The Cello Concerto (1945) opens with a beautifully rich tone from Guy Johnston in Moeran’s winning theme that runs right through this movement (Moderato). He provides some wonderful phrasing, full of that distinctive Irish nostalgia. The fast section has a lovely breezy outdoor feeling so much demanded by the composer. There is further development of the main theme before the orchestra is really allowed to have its head. The opening motif re-appears leading to a darkened coda. After the orchestral introduction to the Adagio there is a very special moment as the cello enters, with its lyrical theme, in a different key. What a glorious adagio this is, played so beautifully and sensitively by Guy Johnston. The slowly unwinding melody is expertly done, allowing the rhapsodic sounds to unfold so naturally. Johnston extracts so many lovely timbres and colours from his instrument. A finely played cadenza leads to the Allegretto with a melody that sounds like an Irish folk tune but appears to be Moeran’s own creation. In the beautiful episode half way through, there is some intensely lovely playing and, as the movement progresses, Johnston and JoAnn Falletta bring a stillness that is most affecting. There is a short solo passage that leads to a faster section with that Irish sounding tune appearing again before the end.
There is something special in the way Johnston plays this concerto. It’s difficult to nail down precisely. It is more than just his sensitivity and tone. It is something more indefinable.
Moeran’s Serenade in G (1948), his last completed orchestral work, is a much lighter piece with two of the movements, Minuet and Rigadoon, taken from an earlier Suite: Farrago (1932). It was first performed at a 1948 Promenade concert conducted by Basil Cameron in its eight movement form. For some reason it was published without the Intermezzo and Forlana. It is performed on this new recording in its original eight movement form.
The opening Prologue has the feel of an ancient English melody, somewhat reminiscent of Warlock in his Capriol Suite. The lovely Air for strings is a simple tune full of Englishness and the changeable intermezzo moves from a lighter opening mood to a darker side. There is a lively Gallop, full of brass, a gentle Minuet again full of English nostalgia, with an oboe taking the main melody, Rigadoon, that sounds much as though taken from an old English song (Moeran had the knack of doing this with original material) and the longer Forlana with a wistful tune and a gently forward momentum, beautifully scored. The Epilogue opens with a rather martial sound with side drum before taking us taking us full circle to the Prologue melody. JoAnn Falleta has full command of Moeran’s idiom.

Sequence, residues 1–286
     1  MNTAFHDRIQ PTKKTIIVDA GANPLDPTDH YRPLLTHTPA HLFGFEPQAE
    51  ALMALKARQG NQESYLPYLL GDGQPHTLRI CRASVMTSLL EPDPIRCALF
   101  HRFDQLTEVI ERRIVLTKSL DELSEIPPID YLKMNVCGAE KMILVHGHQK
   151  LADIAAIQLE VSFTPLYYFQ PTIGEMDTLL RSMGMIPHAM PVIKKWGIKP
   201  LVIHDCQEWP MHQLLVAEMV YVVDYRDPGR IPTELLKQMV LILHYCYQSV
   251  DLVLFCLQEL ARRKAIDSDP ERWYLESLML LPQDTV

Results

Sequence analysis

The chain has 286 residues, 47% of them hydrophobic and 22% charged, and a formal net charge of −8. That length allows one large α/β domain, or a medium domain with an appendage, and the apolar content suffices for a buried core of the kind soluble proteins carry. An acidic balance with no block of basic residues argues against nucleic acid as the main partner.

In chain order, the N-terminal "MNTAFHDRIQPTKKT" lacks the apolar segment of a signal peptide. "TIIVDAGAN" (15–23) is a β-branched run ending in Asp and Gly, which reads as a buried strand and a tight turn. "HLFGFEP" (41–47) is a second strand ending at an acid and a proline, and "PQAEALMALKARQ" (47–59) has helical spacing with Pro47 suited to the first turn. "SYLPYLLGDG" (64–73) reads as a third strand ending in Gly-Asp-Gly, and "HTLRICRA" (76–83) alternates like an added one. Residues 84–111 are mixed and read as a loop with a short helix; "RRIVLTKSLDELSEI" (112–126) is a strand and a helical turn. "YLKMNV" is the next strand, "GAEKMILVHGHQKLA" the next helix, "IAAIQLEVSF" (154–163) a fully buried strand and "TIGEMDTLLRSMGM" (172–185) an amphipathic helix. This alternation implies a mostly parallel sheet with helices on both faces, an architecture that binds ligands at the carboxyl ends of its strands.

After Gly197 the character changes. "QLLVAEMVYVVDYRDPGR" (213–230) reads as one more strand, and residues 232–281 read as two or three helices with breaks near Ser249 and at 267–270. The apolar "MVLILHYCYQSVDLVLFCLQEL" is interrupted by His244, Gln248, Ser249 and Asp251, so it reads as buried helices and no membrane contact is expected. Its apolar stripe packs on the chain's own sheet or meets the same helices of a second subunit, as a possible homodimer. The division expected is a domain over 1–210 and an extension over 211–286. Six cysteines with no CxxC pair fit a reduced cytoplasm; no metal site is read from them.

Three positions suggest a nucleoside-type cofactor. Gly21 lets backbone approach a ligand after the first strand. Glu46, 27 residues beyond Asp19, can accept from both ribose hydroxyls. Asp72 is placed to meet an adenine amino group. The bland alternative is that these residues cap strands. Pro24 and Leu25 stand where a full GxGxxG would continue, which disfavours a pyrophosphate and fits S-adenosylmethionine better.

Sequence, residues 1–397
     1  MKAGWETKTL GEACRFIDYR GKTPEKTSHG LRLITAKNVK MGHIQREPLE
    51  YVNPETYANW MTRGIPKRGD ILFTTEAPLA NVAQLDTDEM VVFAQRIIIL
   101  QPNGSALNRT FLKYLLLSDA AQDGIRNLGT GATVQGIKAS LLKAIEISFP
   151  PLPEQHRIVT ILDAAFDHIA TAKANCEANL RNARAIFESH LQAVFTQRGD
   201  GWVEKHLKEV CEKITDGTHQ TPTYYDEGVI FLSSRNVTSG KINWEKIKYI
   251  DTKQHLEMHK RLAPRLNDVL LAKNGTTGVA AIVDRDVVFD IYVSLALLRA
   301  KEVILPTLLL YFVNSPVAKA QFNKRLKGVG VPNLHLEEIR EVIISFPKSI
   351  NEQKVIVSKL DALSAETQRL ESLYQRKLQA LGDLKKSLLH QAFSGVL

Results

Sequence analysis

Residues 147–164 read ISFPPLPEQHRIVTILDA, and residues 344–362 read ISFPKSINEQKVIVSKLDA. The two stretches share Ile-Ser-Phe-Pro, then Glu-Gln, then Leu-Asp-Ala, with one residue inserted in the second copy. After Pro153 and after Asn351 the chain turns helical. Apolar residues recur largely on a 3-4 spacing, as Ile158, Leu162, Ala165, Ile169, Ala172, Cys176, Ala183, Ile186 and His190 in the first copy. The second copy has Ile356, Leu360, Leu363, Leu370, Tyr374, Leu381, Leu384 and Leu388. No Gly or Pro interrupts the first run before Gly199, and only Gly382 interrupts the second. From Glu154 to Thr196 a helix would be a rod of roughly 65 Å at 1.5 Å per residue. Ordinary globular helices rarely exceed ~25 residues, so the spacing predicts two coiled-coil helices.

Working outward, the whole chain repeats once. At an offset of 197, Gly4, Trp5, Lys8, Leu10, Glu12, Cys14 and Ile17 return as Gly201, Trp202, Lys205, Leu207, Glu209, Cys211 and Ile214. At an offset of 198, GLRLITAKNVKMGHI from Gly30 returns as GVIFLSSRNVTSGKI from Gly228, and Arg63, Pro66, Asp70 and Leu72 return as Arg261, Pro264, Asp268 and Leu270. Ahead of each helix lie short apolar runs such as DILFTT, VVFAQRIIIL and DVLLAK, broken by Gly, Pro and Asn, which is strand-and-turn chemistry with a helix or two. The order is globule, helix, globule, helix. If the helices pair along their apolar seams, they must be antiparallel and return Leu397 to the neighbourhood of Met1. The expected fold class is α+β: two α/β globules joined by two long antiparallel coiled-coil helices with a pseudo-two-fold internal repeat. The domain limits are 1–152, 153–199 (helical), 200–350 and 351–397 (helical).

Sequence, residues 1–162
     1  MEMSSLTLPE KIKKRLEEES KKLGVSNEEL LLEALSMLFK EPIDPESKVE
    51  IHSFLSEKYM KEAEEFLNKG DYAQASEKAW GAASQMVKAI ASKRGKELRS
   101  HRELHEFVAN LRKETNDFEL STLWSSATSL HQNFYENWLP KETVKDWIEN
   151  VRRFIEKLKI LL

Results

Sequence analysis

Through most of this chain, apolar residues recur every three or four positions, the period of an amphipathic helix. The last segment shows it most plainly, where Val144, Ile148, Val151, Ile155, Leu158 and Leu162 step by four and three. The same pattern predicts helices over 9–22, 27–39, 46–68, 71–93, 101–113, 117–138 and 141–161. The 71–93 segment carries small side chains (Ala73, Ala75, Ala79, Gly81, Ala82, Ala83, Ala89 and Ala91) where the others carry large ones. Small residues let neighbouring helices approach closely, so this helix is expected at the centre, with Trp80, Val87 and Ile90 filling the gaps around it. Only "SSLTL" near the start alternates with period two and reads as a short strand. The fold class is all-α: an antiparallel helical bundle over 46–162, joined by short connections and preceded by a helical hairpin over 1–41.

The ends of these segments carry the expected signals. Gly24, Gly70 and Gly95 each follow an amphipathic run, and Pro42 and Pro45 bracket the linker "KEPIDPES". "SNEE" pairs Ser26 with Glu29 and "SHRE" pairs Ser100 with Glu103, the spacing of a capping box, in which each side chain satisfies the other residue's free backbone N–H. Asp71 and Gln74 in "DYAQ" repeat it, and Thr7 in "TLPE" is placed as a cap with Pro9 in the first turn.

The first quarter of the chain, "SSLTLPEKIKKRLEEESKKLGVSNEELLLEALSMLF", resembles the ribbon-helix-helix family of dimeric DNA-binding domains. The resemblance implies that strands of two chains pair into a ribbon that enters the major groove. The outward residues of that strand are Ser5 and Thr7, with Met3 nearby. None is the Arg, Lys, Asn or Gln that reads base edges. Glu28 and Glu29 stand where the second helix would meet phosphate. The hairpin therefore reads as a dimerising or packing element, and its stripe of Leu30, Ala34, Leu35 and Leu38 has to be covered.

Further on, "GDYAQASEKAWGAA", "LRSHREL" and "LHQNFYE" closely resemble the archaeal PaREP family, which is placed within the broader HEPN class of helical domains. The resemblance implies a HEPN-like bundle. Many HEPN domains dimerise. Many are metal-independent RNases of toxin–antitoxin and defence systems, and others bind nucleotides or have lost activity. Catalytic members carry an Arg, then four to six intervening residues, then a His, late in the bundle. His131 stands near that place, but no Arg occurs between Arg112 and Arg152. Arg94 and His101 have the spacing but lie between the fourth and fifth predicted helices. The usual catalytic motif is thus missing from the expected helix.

A London business man, Lionel Hill, was laid up in hospital in 1943 when he heard, on the radio, a particularly beautiful piece of music, which was, in his words, .’…shot through with the rare magic of Delius, but with a language of its own…and dying away with a voice appearing to call across some lonely expanse of water…’
This was Lonely Waters (c.1931) and it led to a close friendship with the composer recorded in Hill’s book Lonely Waters – the diary of a friendship with E J Moeran (published by Thames in 1985 – no longer in print). It is one of those little gems of British music, this time based on a Norfolk folk song that Moeran said was ‘…still frequently to be heard on Saturday nights at certain inns in the Broads district of East Norfolk…’
Most recordings of this work use the alternative ending where the soprano voice is replaced by a cor anglais – effective enough in its own way. This new recording has soprano Rebekah Coffey joining towards the end, as the orchestra dies away, with the words
So I’ll do down to some lonely waters,
Go down where no one they shall me find,
Where the pretty little small birds do change their voices,
And every moment blow blustering wild.
There is an added poignancy to these words. On 1st December 1950, during a violent storm, Moeran fell from the pier at Kenmare. He had died from a massive heart attack aged only 55 years.
Whythorne’s Shadow (c.1931) is usually coupled with Lonely Waters, even though they are quite different in nature. They were published as Two Pieces for Small Orchestra. Based on Elizabethan composer Thomas Whythorne’s madrigal As thy shadow itself apply’th it is a lovely dance tune that rolls into a looser pastoral melody.
This is a lovely disc with very idiomatic playing from the Ulster Orchestra conducted by JoAnn Falletta. The recording is good and if you are not familiar with Moeran’s Cello Concerto then I urge followers to get to know it. Lonely Waters, with the rare opportunity to hear it with the soprano ending, is not to be missed.